EDITORIAL | Clean India: A civil society marred by lack of civic sense
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EDITORIAL | Clean India: A civil society marred by lack of civic sense

We have littered everywhere and it is fit to say that karma now has us wearing PPE suits made of plastic.

TNT Bureau

FROM THE EDITOR’S DESK

In 2014, the government of India initiated the nation-wide Swachh Bharat Mission (SBM) also known as Swachh Bharat Abhiyan (SBA) or Clean India Mission to eliminate open defecation and to improve solid waste management (SWM).

Though the mission aimed to achieve an open-defecation free (ODF) India, respecting nature by keeping it clean is also part of the package as it is a solemn duty of every Indian citizen.

But unfortunately, with the kind of attitude some people have towards the environment, the aim to achieve a Clean India is but a distant dream.

While not overlooking and belittling the effort taken by the government to ensure we achieve the target of ODF India, the perception that this mission is only about the construction of toilets is wrong.

Proper waste disposal and sanitation are also the things one needs to factor in, and according to the Swachh Survekshan 2020, several cities and districts of Nagaland and Assam were adjudged the cleanest in the Northeast zone under the category of 50,000 to 1 lakh population.

We can attribute this to their innovative take on solid waste management.

But WHY was Shillong - the capital city of Meghalaya, a state that houses Mawlynnong, the cleanest village in Asia - tagged as one of the dirtiest cities in the country?

There are several reasons - No processing and disposal indicators, Un-certified Garbage Free City, No sewerage system and a lack of public participation in the survey.

Besides this, other factors also contribute to the dismal performance of the so-called Scotland of the East.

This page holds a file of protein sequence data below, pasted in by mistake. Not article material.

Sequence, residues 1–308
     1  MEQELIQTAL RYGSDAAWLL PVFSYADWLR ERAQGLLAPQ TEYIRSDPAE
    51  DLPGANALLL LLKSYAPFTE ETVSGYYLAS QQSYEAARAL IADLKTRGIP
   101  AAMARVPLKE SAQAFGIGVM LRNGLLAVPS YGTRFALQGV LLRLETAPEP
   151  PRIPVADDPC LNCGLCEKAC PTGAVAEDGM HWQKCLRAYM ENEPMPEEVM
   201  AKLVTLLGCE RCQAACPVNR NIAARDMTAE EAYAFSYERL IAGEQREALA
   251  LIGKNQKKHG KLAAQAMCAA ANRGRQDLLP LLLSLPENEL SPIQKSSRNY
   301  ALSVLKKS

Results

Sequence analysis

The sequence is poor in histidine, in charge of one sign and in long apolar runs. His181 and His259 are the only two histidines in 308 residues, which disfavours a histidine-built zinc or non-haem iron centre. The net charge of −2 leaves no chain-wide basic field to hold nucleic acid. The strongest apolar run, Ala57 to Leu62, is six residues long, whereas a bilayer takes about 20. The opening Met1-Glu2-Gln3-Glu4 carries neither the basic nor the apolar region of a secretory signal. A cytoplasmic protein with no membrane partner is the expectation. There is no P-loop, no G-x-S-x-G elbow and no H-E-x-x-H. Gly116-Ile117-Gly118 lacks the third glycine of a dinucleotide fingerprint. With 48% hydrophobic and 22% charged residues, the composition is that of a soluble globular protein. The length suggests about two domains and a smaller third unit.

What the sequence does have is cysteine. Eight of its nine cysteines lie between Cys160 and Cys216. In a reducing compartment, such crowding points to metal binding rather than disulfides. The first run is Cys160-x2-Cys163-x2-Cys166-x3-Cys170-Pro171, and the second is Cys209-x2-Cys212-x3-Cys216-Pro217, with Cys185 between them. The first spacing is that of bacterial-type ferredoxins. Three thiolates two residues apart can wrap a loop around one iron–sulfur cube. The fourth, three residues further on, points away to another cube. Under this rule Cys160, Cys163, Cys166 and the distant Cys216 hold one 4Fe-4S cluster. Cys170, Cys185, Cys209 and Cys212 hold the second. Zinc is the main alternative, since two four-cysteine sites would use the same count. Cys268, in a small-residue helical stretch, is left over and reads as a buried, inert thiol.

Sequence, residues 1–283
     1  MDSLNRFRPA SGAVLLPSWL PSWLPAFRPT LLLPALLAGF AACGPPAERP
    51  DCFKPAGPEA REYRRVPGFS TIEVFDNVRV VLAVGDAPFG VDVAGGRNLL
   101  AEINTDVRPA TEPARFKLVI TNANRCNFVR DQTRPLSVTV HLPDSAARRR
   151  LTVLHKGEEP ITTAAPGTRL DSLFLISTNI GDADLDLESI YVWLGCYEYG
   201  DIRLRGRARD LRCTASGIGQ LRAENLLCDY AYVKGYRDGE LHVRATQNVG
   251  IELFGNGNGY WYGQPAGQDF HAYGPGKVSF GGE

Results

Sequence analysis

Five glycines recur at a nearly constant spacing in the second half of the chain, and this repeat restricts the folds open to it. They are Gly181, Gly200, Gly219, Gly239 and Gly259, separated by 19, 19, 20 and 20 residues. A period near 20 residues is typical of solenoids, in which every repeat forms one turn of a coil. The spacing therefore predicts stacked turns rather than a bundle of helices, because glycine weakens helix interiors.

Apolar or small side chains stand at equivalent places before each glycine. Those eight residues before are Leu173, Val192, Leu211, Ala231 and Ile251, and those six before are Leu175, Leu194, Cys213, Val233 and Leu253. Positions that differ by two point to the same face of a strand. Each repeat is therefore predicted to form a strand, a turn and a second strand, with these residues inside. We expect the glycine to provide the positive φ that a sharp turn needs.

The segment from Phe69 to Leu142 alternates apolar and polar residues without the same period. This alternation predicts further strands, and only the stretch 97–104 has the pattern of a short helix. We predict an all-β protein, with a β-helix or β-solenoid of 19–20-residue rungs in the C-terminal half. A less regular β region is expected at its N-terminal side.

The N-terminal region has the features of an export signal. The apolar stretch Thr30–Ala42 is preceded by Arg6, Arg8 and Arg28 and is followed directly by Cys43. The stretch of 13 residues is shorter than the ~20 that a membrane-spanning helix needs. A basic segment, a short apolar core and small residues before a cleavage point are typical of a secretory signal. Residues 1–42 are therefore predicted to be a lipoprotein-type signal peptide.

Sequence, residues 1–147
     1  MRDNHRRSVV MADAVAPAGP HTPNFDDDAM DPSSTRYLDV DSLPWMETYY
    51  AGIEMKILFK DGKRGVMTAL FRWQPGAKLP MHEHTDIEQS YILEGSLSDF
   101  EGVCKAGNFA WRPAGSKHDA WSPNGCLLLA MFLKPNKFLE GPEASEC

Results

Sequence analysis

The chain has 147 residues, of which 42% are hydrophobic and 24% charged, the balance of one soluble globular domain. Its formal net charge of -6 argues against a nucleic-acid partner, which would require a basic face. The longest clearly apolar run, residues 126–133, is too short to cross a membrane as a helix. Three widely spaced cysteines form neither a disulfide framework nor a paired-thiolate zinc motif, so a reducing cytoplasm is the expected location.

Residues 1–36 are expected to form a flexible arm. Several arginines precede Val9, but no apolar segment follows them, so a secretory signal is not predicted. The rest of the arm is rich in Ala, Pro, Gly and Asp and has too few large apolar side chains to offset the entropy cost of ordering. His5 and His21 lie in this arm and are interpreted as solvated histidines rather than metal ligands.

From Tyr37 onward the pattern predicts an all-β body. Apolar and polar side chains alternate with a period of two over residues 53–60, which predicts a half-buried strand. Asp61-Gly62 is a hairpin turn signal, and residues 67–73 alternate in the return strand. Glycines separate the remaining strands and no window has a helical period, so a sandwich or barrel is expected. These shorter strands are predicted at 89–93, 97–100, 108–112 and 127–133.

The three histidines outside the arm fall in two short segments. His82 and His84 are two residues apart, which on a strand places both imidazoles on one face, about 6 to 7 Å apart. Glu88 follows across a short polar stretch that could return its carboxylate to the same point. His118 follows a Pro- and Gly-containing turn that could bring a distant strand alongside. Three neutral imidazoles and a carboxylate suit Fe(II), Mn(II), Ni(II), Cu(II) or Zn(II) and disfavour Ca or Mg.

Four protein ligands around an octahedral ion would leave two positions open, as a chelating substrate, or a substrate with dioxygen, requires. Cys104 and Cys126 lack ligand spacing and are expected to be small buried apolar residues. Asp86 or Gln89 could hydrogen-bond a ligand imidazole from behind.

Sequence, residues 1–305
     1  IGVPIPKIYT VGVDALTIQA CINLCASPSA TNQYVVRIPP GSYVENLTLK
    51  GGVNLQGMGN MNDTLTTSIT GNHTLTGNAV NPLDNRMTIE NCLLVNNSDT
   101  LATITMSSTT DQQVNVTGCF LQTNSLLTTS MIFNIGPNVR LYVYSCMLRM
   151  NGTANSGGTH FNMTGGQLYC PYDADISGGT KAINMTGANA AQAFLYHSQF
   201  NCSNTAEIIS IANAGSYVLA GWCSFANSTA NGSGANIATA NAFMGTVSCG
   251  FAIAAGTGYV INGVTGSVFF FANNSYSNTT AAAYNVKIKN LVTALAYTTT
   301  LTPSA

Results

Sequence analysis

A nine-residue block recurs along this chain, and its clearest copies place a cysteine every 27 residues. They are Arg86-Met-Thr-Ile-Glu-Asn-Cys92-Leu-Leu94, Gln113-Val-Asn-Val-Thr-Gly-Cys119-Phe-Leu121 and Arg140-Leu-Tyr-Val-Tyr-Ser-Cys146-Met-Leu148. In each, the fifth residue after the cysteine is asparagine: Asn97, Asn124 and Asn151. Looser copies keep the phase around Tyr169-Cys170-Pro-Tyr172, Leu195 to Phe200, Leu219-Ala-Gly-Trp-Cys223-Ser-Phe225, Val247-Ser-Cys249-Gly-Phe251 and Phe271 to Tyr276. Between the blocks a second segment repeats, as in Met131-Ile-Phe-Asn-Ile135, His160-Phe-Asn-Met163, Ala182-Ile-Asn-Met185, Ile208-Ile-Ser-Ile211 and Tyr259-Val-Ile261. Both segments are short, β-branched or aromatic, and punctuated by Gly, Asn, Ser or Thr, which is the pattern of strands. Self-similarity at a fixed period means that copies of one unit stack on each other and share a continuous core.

What are these factors?

The answer is simple – the lack of civic sense.

In a world where common sense is not so common anymore, people tend to forget that the role and duty of keeping our city clean and green is not only the job of the government but every one of us.

The recent relaxation given by the government has allowed some freebies (very common on Sundays around the Laitkor to Smit stretch) roaming around like lions priding themselves that we are immune to every virus on planet Earth, maybe an Asteroid too!

We cannot stop anyone from going around but there has to a be a sense of understanding about their environment, we have littered everywhere and it is fit to say that karma now has us wearing PPE suits made of plastic.

Since last year, NGOs, students, bureaucrats to the common citizens joined hands in making Shillong a cleaner place, a perfect example, Team Jiva.

The lockdown due to the pandemic has taught us the lesson of cleanliness and it was what Shillong needed to keep the streets free from litter.

As soon as the gates were opened, we were like herds of cows released from the shackles of freedom throwing whatever we have and wherever possible. Are we the most dangerous species on earth?

Recently, there was a lot of traction on social media (Facebook) after a prominent personality posted several pictures he had taken in different areas around town with beer bottles strewn all over the place.

There is a need to draw boundaries in the way we act, enjoying with a sense of responsibility proves that we are different than animals in our way of thinking.

The Northeast Today
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